There was never a doubt about whether American interests would prevail over Iraq. Because President Bush chose war – demonstrating that he is not a wimp and rewarding his friends and right wing constituents in the armament business – it will never be known whether the invasion of Iraq was truly necessary. Indeed, it may never be known whether Iraq was actually an instigator, or merely tricked by the Bush Administration. It may prove out that the bully in this instance was not Saddam Hussein, but George H. W. Bush.

What is known are the costs of the war that the President elected to initiate so hastily. Over 200,000 were killed, including many teenage conscripts sent to the front by Iraq as mere cannon fodder. 184 Americans and some 1,600 civilians in Iraq and Kuwait were killed, and untold numbers injured. More than $40 Billion Dollars in the national wealth of America was depleted. Some on the right are now arguing that the costs were slight – a characterization hard to accept by those who lost loved ones and the taxpayers who will suffer the economic impacts. The winners are oil companies, military contractors, and the prospects of the President for re-election next year by those who never feel more patriotic than when our country is kicking the hell out of some small nation, with or without justification.

The current national euphoria over the victory has already taken over all logic and reason on the editorial pages of the fourth estate in America. It is important that the electorate remember these events given that neo-conservative Republicans are still pushing for a broader – some say continuous – war in the Middle East. On their radar are at least Iran, Syria, Libya, Lebanon, and Iraq again to, as those on the right argue, “finish the job”.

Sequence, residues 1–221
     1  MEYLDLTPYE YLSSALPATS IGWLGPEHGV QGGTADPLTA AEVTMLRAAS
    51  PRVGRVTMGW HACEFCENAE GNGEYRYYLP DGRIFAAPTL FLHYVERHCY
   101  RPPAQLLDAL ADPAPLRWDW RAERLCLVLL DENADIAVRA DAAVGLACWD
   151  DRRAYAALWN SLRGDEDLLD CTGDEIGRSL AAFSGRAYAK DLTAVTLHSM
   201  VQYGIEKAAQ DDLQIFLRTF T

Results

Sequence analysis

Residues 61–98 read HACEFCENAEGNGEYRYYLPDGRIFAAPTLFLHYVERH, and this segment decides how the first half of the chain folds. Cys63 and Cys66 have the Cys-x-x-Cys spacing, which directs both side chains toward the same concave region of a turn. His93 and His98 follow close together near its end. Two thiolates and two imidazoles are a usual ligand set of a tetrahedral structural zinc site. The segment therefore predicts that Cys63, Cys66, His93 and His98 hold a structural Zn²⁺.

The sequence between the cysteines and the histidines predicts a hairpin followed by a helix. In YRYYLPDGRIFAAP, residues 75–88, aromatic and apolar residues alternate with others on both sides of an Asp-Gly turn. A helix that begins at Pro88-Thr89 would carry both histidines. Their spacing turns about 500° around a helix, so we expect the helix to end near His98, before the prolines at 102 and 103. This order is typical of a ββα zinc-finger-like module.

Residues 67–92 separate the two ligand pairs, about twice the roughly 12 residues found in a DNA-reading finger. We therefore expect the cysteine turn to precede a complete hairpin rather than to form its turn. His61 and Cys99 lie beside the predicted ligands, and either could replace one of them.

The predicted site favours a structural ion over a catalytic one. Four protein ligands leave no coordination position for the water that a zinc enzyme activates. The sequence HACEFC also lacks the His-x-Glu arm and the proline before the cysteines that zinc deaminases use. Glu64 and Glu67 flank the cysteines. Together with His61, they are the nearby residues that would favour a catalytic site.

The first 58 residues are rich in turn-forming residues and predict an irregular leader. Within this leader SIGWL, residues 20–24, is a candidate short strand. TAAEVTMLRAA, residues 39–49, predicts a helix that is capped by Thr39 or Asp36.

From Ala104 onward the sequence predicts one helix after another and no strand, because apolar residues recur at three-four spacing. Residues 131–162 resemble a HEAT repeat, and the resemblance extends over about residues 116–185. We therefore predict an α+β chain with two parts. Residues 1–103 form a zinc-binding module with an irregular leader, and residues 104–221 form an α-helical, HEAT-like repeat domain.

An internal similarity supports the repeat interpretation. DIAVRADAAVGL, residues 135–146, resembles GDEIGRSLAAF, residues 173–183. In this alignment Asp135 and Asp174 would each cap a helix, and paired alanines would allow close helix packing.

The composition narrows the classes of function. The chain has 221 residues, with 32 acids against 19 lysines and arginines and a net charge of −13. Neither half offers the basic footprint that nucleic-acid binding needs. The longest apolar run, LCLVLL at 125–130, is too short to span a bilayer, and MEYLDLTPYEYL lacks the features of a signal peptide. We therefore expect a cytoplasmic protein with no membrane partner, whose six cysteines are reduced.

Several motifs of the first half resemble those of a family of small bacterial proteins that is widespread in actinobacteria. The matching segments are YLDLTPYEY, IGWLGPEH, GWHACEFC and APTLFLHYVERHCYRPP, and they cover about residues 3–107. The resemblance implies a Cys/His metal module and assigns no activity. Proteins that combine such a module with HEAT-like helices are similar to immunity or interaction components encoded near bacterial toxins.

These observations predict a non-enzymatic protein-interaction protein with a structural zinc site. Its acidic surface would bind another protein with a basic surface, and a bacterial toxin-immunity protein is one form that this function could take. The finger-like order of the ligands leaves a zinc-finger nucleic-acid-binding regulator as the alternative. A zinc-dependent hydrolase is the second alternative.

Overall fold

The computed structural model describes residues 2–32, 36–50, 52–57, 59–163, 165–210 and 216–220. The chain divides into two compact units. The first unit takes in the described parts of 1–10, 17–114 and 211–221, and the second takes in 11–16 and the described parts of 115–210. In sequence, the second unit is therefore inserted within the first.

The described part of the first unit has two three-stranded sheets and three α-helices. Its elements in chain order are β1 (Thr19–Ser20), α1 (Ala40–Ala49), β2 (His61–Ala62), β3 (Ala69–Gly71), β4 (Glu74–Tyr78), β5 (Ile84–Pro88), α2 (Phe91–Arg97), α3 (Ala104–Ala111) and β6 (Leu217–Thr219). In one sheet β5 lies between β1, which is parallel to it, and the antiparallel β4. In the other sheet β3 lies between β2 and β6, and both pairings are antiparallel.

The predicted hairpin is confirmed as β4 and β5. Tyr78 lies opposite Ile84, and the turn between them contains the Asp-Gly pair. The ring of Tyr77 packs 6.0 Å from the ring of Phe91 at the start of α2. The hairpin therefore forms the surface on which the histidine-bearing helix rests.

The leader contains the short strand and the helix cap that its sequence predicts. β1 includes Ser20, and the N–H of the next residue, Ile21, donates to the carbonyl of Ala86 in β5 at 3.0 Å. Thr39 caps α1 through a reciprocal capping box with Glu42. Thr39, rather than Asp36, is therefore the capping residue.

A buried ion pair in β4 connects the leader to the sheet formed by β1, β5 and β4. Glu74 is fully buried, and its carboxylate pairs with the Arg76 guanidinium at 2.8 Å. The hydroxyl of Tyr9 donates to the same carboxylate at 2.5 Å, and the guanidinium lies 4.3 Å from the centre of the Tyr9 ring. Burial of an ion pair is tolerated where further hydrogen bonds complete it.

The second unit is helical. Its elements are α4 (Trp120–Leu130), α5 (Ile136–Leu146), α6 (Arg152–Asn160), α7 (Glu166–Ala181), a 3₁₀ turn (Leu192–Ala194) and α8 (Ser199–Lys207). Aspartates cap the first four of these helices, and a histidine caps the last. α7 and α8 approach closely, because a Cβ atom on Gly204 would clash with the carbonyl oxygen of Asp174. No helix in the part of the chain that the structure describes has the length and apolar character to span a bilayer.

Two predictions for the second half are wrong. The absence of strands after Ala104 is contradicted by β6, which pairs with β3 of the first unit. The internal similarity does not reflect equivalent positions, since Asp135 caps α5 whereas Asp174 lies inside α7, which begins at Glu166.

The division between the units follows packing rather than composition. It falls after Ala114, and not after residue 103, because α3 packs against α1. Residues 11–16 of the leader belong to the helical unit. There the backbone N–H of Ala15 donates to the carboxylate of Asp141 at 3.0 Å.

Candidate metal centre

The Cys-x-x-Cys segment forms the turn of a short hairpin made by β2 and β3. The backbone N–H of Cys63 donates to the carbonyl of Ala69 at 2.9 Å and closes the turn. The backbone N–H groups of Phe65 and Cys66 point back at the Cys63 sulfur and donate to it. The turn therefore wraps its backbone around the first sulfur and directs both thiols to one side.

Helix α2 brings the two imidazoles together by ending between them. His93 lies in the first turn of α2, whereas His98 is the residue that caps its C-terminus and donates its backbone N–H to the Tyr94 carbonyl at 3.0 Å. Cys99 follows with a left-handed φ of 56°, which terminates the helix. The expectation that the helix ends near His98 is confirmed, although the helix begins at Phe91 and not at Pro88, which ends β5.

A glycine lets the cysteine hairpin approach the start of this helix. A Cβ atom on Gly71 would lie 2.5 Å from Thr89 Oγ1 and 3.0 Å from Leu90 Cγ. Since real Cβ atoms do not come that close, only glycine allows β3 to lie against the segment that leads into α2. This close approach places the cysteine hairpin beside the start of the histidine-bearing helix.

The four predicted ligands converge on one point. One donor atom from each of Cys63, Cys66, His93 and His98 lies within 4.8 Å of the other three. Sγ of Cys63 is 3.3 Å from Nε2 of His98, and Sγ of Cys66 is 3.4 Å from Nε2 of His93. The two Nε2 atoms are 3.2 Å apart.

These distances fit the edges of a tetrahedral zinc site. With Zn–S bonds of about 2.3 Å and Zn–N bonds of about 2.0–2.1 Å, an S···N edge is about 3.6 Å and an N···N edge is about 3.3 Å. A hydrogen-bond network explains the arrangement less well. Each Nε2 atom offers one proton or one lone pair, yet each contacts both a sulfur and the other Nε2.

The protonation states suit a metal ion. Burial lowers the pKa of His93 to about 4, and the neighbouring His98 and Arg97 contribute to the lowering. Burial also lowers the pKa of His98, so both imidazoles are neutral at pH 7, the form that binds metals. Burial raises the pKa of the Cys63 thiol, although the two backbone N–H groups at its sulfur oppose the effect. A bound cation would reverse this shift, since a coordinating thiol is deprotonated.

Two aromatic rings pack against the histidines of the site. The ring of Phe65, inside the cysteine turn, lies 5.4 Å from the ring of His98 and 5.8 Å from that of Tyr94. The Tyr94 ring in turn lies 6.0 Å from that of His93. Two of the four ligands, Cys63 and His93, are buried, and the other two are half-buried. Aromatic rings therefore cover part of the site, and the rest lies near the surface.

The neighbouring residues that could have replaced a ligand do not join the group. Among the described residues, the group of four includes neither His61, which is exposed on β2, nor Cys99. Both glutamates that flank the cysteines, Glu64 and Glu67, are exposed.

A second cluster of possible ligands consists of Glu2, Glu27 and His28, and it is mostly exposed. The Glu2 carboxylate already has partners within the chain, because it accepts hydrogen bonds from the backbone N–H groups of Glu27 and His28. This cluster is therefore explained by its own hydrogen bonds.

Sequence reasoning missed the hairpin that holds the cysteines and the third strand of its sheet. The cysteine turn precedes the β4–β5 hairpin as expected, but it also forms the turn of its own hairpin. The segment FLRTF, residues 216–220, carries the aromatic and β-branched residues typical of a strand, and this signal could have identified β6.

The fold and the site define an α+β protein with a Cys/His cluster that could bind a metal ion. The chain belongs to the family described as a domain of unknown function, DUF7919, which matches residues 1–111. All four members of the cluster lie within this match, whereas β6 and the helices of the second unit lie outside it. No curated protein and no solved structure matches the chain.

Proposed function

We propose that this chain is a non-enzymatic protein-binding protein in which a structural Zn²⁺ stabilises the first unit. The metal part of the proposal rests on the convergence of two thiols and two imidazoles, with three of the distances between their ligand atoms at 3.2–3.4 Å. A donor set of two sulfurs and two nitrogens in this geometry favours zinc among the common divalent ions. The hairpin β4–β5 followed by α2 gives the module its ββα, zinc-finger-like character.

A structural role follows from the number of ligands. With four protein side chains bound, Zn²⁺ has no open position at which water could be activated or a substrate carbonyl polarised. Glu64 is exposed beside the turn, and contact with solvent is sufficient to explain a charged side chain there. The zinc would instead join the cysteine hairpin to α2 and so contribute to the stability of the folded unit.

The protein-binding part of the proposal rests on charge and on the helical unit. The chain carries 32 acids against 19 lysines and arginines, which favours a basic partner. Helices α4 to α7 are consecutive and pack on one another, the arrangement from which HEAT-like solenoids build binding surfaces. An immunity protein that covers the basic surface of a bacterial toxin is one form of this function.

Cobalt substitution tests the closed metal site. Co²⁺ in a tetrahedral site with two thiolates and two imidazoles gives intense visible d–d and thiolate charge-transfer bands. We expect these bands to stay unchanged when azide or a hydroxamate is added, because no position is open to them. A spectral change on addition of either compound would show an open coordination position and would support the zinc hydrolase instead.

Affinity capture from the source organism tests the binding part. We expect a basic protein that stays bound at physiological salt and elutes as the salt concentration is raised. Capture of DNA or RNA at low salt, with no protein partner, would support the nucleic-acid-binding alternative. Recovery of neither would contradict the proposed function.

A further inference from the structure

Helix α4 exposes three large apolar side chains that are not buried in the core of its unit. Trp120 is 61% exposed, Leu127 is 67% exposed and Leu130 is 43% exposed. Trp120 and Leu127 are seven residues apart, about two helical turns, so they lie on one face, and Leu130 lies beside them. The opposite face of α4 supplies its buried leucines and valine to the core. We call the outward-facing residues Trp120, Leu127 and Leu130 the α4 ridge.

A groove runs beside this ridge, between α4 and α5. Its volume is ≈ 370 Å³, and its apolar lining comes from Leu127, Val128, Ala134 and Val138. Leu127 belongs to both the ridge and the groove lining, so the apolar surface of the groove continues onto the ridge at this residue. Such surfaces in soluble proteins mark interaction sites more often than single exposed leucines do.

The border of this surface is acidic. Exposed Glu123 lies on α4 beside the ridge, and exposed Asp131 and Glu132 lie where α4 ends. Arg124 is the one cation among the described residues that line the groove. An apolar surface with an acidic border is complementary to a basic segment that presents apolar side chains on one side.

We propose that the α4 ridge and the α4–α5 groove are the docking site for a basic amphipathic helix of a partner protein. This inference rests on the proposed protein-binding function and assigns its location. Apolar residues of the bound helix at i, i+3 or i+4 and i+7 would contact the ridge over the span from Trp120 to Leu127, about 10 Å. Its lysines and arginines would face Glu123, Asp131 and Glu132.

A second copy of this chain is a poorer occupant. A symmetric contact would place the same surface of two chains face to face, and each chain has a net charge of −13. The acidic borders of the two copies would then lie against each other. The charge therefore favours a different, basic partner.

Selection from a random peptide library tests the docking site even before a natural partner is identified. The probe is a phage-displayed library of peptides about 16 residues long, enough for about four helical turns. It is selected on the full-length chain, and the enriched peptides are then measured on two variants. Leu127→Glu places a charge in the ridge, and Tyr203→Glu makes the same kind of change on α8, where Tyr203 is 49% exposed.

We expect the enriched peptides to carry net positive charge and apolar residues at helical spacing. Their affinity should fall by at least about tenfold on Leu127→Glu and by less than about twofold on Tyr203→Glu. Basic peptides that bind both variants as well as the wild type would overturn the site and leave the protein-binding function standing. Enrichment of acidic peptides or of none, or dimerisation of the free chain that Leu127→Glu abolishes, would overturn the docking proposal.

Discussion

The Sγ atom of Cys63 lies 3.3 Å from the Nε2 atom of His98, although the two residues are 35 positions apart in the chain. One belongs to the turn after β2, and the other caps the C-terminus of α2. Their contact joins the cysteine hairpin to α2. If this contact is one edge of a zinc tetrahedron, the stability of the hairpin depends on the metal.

There is little in the way that Saddam Hussein rules Iraq to post on the credit side of his ledger, but he is a stabilizing factor in a highly unstable region, and wars invariably lead to unintended consequences. The choice made by the Bush Administration to invade may have the ultimate effect of weakening Iraq to the point that it is no longer a stabilizing force, and lead to an implosion of the entire Middle East in yet another of a three-thousand-year string of conflicts in the region. In that event, the real costs of this military escapade over the decades to come may make the $40 Billion Dollars already spent look like pocket change, and result in deaths and injuries measured not in thousands, but in millions.

But even $40 Billion Dollars for an unnecessary military adventure is outlandish when the Congress and Administration are unwilling to spend similar amounts to provide health care, housing and food for the poorest citizens in our own country, or repair the crumbling infrastructure that has been ignored for decades in favor of building a military machine that is larger than those of the entire remainder of the world combined.

It was hardly unpatriotic for members of Congress and others to call for patience in deciding whether war was necessary. Indeed, to avoid stating their convictions and the will of constituents would have been an abrogation by elected representatives of their duty.

In the final analysis, they were calling for the Bush Administration to clearly identify the “clear and present danger” to the United States that it purported to exist, before rallying the United Nations on questionable facts and sending our military to kill people on the other side of the world.